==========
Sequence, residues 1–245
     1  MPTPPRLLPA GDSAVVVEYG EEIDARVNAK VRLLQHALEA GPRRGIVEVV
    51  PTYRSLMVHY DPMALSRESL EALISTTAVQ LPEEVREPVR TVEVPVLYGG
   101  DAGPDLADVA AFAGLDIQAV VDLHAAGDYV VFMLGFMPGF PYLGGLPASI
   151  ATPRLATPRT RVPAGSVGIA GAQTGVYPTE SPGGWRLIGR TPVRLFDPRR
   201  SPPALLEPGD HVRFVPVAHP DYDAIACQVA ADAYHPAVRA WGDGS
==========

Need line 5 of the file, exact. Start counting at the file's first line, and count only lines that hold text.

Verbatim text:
   151  ATPRLATPRT RVPAGSVGIA GAQTGVYPTE SPGGWRLIGR TPVRLFDPRR